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The Principles of Pharmacology

For appropriate patients, pharmacological treatments are part of a comprehensive approach to long-term weight management.

Three guiding principles should be followed when considering pharmacotherapy for patients with obesity1

Reinforce patient efforts

Pharmacotherapy is meant to reinforce patient lifestyle efforts, not replace them.

Understand side effects

Health care professionals and patients should both be familiar with the medication and its potential side effects and contraindications.

Every patient is different

If clinically meaningful weight loss (≥5%) is not achieved after 3-4 months, a new treatment plan should be implemented.

Most patients living with obesity are not able to achieve and maintain a healthy weight with healthy eating and increased activity alone2

Some pharmacological treatments may benefit patients who:

Have tried lifestyle changes but can’t reach a healthier weight

  • Have tried lifestyle changes but can’t reach a healthier weight

Are regaining weight after losing it

  • Are regaining weight after losing it

Have a BMI of ≥27 kg/m2 and a weight-related comorbidity

  • Have a BMI of ≥27 kg/m2 and a weight-related comorbidity

Have a BMI that is >30 kg/m2

  • Have a BMI that is >30 kg/m2

Different pharmacological medications may help the patient to lower appetite, increase energy expenditure, decrease the amount of fat the body absorbs, or reduce cravings.2,3

Patient with obesity being physically active

Treatment plans that include pharmacotherapy, as an adjunct to healthy eating and increased physical activity, may be more effective than any of those alone4

From a 1-year study of 224 patients with BMI of 30 to 45 kg/m2

Graph comparing weight loss in patients who received combined therapy (medication with lifestyle counseling) versus other treatment groups from a 1-year study
Graph comparing weight loss in patients who received combined therapy (medication with lifestyle counseling) versus other treatment groups from a 1-year study

Significant weight loss

Patients who received combined therapy (medication with lifestyle counseling) lost significantly more weight at weeks 18, 40, and 52 than all other treatment groups (P<0.001).4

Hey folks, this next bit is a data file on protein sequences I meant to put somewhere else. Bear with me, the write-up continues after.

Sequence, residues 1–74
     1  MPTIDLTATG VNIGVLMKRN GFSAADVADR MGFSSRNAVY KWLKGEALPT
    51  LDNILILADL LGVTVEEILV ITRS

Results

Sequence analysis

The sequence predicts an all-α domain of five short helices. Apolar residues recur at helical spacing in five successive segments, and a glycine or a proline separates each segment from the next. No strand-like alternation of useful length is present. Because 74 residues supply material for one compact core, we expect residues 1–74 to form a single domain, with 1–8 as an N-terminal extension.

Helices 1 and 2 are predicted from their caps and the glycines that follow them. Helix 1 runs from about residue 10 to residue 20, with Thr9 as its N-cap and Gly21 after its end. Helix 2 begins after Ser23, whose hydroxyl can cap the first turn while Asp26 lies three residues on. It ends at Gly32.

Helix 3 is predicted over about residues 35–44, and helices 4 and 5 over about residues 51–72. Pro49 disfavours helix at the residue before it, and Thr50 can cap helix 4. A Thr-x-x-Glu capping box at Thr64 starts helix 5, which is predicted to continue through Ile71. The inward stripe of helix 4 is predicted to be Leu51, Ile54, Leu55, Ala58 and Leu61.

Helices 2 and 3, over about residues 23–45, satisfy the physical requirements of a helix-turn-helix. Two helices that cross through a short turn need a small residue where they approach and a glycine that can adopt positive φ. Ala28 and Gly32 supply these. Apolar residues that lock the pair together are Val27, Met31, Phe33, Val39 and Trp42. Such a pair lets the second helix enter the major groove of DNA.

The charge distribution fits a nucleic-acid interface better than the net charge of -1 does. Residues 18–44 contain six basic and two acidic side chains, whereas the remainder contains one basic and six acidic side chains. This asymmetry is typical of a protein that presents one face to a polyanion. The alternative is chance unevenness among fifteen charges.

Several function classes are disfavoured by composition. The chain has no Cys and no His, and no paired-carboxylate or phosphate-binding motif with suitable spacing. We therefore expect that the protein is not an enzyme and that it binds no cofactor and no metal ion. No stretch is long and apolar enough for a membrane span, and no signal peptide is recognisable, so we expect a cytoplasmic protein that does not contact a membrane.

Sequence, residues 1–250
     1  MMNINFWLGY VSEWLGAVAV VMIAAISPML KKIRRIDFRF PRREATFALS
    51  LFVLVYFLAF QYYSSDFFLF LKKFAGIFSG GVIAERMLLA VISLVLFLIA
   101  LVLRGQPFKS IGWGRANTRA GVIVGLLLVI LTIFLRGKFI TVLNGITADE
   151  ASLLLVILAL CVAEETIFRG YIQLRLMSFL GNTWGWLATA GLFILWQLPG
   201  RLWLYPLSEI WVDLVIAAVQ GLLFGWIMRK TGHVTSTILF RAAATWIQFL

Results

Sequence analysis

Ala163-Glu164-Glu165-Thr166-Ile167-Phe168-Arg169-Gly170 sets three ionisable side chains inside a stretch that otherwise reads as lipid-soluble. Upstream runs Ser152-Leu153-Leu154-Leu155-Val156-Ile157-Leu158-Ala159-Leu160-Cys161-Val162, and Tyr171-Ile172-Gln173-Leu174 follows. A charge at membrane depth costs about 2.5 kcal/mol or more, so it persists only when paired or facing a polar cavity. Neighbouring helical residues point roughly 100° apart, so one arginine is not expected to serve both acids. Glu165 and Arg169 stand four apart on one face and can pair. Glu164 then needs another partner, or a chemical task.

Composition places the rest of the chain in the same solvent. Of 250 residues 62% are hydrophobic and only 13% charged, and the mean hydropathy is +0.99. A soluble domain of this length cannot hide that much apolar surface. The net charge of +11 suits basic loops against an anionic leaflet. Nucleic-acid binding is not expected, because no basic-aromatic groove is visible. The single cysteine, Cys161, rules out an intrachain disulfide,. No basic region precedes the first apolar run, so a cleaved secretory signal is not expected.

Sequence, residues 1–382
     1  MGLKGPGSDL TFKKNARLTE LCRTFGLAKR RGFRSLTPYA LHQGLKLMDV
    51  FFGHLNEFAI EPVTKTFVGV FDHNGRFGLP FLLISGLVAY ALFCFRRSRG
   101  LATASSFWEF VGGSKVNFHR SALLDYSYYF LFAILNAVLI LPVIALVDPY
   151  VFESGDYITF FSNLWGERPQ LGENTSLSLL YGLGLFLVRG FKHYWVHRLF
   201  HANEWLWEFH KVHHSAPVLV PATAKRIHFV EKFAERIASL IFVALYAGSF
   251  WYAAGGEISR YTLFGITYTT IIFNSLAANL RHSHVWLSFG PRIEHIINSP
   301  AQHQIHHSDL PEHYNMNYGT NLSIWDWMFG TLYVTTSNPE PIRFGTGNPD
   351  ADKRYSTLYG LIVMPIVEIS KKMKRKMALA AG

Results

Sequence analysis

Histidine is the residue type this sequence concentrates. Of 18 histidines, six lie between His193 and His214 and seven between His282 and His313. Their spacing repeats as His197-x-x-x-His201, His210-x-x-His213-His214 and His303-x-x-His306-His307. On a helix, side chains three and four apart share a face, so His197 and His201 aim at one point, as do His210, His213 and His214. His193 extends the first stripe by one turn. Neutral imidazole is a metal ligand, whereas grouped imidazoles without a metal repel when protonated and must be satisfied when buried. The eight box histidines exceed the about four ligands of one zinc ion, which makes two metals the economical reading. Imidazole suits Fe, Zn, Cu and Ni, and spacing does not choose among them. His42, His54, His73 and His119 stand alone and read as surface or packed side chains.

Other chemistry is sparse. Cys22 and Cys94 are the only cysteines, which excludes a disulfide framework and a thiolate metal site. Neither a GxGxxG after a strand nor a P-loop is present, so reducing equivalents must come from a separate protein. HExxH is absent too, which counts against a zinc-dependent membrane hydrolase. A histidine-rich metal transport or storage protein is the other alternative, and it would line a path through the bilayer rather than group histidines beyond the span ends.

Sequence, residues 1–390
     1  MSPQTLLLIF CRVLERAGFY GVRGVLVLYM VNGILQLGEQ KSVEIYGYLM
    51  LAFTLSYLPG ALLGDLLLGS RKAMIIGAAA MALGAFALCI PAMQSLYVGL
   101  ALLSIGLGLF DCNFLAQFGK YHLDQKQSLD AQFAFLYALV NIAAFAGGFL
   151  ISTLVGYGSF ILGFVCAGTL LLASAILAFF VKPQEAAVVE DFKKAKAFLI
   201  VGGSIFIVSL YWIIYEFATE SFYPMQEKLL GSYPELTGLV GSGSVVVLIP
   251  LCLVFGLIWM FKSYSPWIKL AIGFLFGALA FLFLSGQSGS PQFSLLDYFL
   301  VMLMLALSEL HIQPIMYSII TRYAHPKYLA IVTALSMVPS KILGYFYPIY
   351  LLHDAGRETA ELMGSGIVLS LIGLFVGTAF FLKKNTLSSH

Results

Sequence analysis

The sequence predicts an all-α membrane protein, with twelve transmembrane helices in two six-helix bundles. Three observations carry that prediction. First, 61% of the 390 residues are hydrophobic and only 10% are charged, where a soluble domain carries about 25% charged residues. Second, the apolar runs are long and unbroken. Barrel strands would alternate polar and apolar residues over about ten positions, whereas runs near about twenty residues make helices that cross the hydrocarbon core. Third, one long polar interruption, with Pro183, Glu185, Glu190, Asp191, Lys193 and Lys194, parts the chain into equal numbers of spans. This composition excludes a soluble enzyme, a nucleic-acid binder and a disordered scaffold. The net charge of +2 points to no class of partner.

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From a 1-year study of 224 patients with BMI of 30 to 45 kg/m2, randomly assigned to receive medication (sibutramine) alone, lifestyle modification with brief therapy, or medication with lifestyle-modification counseling (combined therapy).4

Study design

From a 1-year study of 224 patients with BMI of 30 to 45 kg/m2, randomly assigned to receive medication (sibutramine) alone, lifestyle-modification counseling, or medication with lifestyle-modification counseling (combined therapy).4

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A total weight-management plan

Patients' weight history

1. Bray GA, Fruhbeck G, Ryan DH, Wilding JPH. Management of obesity. Lancet. 2016;387(10031):1947-1956.

2. Garvey WT, Mechanick JI, Brett EM, et al; and Reviewers of the AACE/ACE Obesity Clinical Practice Guidelines. American Association of Clinical Endocrinologists and American College of Endocrinology comprehensive clinical practice guidelines for medical care of patients with obesity. Endocr Pract. 2016;22(suppl 3):1-203.

3. Kim GW, Lin JE, Blomain ES, et al. Antiobesity pharmacotherapy: new drugs and emerging targets. Clin Pharmacol Ther. 2014;95(1):53-66.

4. Wadden TA, Berkowitz RI, Womble LG, et al. Randomized trial of lifestyle modification and pharmacotherapy for obesity. N Engl J Med. 2005;353(20):2111-2120.